Indigenous theatre company explores grief, loss and laughter in new production
'This Is How We Got Here' plays at Aki Studio in Regent Park from Jan. 26 to Feb. 16
Like so many Indigenous people in Canada, James Dallas Smith's family history involves time at residential schools.
His grandmother is a survivor of one, but despite what she went through, one of the things the Anishinaabe actor said he remembers most about her is her sense of humour.
"She laughed so easily and so often. I didn't realize until much later in life that it was probably a survival tool, but I loved it," he said.
That concept, of using humour to get through pain, is being explored in Native Earth Performing Arts' new production, This Is How We Got Here, says Smith. The Indigenous theatre company is dedicated to producing pieces reflecting Indigenous experiences in Canada.
The play is about the suicide of a young person — an issue many Indigenous communities are grappling with — but it's also about using laughter as a way of bringing people together in times of sorrow.
"As hard as the subject is, there's still lots of moments where you laugh," he said.
"I think it's a big part of resilience, is humour, and it's what allows us to move on."
The 2018 Governor General-nominated play, written by Algonquin Métis playwright Keith Barker, is being performed by an all Indigenous cast at Aki Studio in Regent Park from Jan. 26 to Feb. 16.
Ahead of its opening day, Our Toronto spoke to the cast and crew about the story they're portraying and why it's important.
You can watch the story below, or read on to learn more.
This Is How We Got Here
The production is written and directed by Barker, who is also the artistic director of Native Earth Performing Arts.
He said the idea for the play came from losses in his own life.
"My aunt and uncle lost both their sons to suicide, and I spent many years with them … and out of that I saw how they were dealing with grief," he said.
"Then, a couple of years ago a family friend took his own life, and so again I was present and watched as friends were also dealing with that … that was really kind of what solidified I needed to write a play about what the aftermath of a great loss is."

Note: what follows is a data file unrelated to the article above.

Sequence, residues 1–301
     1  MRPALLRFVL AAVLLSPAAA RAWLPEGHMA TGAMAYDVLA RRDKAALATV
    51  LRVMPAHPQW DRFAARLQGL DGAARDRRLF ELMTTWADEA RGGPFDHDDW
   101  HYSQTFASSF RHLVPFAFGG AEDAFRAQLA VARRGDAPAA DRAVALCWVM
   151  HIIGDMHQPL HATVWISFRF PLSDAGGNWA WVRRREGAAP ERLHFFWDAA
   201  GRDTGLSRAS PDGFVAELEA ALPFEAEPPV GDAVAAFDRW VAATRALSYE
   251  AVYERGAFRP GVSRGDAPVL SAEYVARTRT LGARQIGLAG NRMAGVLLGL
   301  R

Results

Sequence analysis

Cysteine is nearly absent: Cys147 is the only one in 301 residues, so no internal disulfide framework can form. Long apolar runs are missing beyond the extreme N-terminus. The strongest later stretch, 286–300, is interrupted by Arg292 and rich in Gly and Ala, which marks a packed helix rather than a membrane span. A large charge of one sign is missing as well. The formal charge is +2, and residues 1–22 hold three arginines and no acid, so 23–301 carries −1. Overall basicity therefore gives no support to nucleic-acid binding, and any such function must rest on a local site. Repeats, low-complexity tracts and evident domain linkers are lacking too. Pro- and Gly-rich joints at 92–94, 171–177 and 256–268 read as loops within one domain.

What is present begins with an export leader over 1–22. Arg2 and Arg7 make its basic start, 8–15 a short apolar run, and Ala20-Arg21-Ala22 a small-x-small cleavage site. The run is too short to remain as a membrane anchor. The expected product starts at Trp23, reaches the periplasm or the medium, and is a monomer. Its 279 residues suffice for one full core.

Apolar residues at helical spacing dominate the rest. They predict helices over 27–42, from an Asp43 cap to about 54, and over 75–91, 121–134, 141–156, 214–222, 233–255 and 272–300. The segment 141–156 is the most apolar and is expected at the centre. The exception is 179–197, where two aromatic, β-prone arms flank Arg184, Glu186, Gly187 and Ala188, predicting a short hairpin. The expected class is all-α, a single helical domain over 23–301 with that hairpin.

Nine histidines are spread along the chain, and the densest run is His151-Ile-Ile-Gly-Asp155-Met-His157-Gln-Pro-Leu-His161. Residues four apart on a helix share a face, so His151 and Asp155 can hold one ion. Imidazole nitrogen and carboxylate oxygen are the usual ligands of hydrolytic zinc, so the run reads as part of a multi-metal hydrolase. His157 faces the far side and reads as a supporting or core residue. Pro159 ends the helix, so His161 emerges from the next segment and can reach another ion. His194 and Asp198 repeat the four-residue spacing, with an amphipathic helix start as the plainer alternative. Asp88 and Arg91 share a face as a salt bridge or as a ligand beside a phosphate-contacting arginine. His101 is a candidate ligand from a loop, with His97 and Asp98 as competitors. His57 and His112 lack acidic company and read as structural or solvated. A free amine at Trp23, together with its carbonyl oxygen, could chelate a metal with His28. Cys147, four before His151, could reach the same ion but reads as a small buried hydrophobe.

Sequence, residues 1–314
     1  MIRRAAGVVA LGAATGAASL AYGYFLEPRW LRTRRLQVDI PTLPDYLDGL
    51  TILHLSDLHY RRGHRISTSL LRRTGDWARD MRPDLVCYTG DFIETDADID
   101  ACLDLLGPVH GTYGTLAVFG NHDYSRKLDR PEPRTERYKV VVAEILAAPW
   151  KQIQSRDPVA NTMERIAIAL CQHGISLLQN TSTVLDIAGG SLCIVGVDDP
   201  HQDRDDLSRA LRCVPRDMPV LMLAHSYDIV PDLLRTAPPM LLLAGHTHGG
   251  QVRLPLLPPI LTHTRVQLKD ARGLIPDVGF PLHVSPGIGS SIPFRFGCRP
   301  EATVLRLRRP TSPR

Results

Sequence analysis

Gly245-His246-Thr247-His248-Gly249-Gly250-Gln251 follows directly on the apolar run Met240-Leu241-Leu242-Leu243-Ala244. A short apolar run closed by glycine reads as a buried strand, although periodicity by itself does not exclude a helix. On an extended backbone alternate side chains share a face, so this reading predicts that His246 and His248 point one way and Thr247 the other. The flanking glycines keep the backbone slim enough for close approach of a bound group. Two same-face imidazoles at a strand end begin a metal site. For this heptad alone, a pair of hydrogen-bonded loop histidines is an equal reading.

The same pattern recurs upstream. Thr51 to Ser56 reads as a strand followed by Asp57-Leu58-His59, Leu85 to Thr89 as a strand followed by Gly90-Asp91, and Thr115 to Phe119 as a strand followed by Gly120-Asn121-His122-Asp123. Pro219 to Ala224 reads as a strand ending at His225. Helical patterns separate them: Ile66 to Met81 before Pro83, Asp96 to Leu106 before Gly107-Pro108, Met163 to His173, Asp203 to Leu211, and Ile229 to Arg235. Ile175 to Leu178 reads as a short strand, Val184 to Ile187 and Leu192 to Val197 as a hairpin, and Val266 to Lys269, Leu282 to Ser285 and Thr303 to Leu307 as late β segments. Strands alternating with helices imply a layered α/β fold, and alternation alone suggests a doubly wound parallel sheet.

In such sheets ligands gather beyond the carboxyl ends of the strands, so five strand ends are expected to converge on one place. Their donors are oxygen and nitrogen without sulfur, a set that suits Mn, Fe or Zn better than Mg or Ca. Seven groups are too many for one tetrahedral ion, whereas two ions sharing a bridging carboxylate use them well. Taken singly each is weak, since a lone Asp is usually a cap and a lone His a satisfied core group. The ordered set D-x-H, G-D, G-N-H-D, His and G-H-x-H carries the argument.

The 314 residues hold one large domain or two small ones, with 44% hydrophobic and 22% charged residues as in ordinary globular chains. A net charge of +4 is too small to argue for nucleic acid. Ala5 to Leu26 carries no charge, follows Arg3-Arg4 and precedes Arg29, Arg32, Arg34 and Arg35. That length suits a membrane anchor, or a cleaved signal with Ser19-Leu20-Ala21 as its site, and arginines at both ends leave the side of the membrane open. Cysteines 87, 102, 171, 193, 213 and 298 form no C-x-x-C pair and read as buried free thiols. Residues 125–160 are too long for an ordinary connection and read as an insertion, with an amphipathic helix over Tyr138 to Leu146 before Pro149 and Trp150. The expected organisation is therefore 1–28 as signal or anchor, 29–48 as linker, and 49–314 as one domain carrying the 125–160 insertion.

Anishinaabe-Ashkenazi actor Tamara Podemski plays 'Lucille,' one of four characters dealing with a loss in the production.
"I think it's impossible to talk about some of these realities that our communities are going through right now without bringing it back to colonization, without bringing it back to intergenerational trauma," she said.
"This is a family that is doing their best to process something horrible that happened, but when you don't have the tools and you haven't learned the tools from your parents … it's really hard to navigate."
Dallas Smith said just like in the play, many Indigenous families are still trying to reconnect with their way of life. As a result, they're sometimes unsure of how to deal with a tragedy culturally.
At times, the characters look to nature for answers — an element Barker said he often includes in his productions — in this case, through a fox continually stealing from the family garden.
"One person thinks it's a ghost. One person thinks it's a reincarnated spirit. Somebody else just thinks it's a fox," Dallas Smith said.
"But it's the element of magic and mystery that I think weaves the play together. It's beautiful."
For him, the main takeaway from the story is the resilience of this family and the journey they take to become open and honest with themselves — and each other.
"It focuses on how they get through the tragedy, how they move on and discover themselves again."
Of course, humour is present to get the characters through their grief.
"The joy factor is huge," Pedemski said.
"It's a huge component of healing, of reminding us of the good feelings, and it's contagious."
When people leave the play, Barker said he wants the audience to feel a sense of hope and to realize it's possible to rebuild connections with family and friends around them.
"There are so many times when I've been in places where people from the audience, young Indigenous people or even elders, coming in just saying like, 'It's the first time I've seen myself reflected back,'" he said.
"It just constantly reminds me how we find connection through storytelling."
The play was published by Playwrights Canada Press in 2017 and the published version was a finalist for the Governor General's Literary Award for Drama in 2018.
With files from Richard Agecoutay